The colonies are made up of female bees. The male drones are expected to mate with queens from different hives – they don’t do much else and are pretty useless. In the winter, the females will kill the males off, or at least keep them away from the hive. Then, there will only be a few thousand or so of them left, keeping the hive warm and the queen alive. As beekeepers there is little else we can do to help them then. We try and keep viruses down, such as the varroa virus which is deadly and we give them sugar solution and fondant, but other than that, we just hope and pray that they make it through in to spring. This will be the start of the mating season, when the cycle begins all over again.”
The decline in the bee population have been a cause for concern for a while. Across Europe, estimates suggest that bee numbers have more than halved in recent years, with some species of bees already extinct in the United Kingdom. This is particularly troubling as bees are not just required to produce honey and wax, but crucially to pollinate a third of the food we eat – including many varieties of fruit, vegetables, plants and crops.
Lee explains that “Colony Collapse Disorder” is connected to the overuse of pesticides and new agricultural techniques which are fatal for bee species. However, bee populations in London are thriving. “We don’t know precisely why this is, but it may be because the bees are not exposed to insecticide in the way that they are in the countryside.”
“What about the pollution in London?” I ask, “Why it is that insecticide affects them but pollution doesn’t?” “We don’t know the answer to this,” Lee replies, “yet it could become an issue further down the line.”
Honey has many medicinal benefits, but using locally-produced honey is even better for allergies and especially Hay Fever – since it is local pollen that causes the irritation. Lee uses the honey they get from their bees to treat her own Hay Fever. At the moment, like the rest of the produce grown in the garden, the honey produced by the Isle of Dogs’ bees is used in the George Green’s School café. The local pub and some restaurants also sell the honey, and Lee hopes to sell it more widely.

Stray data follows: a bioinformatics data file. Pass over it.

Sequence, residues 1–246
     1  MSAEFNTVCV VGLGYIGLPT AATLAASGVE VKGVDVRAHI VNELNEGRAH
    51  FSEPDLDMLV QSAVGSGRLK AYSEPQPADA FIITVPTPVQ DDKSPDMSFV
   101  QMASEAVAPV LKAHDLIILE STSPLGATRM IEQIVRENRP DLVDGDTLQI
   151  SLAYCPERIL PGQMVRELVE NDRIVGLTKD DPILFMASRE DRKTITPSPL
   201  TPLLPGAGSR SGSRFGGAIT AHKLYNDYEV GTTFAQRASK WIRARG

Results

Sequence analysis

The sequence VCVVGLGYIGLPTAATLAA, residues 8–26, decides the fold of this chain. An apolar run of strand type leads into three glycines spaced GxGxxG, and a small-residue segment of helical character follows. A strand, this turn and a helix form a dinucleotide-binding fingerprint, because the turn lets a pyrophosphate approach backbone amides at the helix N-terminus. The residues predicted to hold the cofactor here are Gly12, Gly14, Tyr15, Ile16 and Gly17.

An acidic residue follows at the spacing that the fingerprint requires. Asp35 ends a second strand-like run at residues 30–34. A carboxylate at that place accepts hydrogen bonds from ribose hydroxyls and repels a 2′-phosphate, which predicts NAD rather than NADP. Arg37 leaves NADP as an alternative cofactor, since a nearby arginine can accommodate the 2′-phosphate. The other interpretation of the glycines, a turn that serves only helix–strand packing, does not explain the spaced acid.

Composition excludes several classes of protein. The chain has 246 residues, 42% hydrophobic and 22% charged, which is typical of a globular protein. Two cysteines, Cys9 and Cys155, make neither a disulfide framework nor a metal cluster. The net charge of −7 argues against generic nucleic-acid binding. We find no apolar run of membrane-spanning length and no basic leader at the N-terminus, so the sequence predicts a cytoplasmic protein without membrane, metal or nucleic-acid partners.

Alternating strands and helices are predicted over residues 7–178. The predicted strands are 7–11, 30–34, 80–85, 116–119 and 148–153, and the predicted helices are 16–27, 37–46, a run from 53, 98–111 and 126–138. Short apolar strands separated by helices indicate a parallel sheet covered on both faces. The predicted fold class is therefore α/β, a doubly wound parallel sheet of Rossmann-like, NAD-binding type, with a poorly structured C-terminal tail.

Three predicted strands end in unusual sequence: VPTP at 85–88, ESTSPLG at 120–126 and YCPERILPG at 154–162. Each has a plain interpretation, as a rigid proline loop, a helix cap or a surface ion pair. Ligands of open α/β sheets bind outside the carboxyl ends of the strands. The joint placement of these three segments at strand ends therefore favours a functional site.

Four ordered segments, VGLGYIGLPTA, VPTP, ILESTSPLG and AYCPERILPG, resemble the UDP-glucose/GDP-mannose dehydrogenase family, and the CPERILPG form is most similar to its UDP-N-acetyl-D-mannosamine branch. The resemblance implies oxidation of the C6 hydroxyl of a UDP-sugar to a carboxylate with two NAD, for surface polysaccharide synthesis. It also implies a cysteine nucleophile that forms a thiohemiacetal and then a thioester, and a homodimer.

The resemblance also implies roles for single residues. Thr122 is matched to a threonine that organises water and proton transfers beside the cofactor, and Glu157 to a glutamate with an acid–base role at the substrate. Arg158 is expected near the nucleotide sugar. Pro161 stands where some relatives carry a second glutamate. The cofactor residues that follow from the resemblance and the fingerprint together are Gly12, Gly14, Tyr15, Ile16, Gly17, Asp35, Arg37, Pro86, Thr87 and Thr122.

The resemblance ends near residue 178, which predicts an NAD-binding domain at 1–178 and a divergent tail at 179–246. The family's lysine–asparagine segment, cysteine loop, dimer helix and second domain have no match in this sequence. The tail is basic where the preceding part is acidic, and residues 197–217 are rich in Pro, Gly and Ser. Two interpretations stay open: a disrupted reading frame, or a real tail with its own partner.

Manda Helal – Beekeeping volunteer
I am a gardener and I wanted to learn more about bees. I heard there will be a problem with our food if we don’t have enough bees. I like the slowness of it all. Watching the bees, being busy, busy, busy. But the honey itself weighs a tonne – it takes strength. They all look so happy. You don’t see them as individuals, but as a collective. It’s all of them working together that makes it work. If they were to break off from the rest, it wouldn’t work. It’s fascinating.
Jules Robertson - Beekeeping volunteer
Jules is another volunteer who looks after the bees. I used to live in one of the tower blocks that overlooks the garden. I heard about the real crisis that bees are in and that urban beekeeping was the way forward for their survival. There is something about the biodiversity of London that means they can thrive here. So I went looking all over the place for somewhere to do beekeeping. It came as a shock that I didn’t have to go far at all and it was just on my doorstep.
Lee Diep Chu has just written to me to say that one of their hives has reared a new queen which has begun laying eggs, something they are all very excited about.
Photographs copyright © Colin O’Brien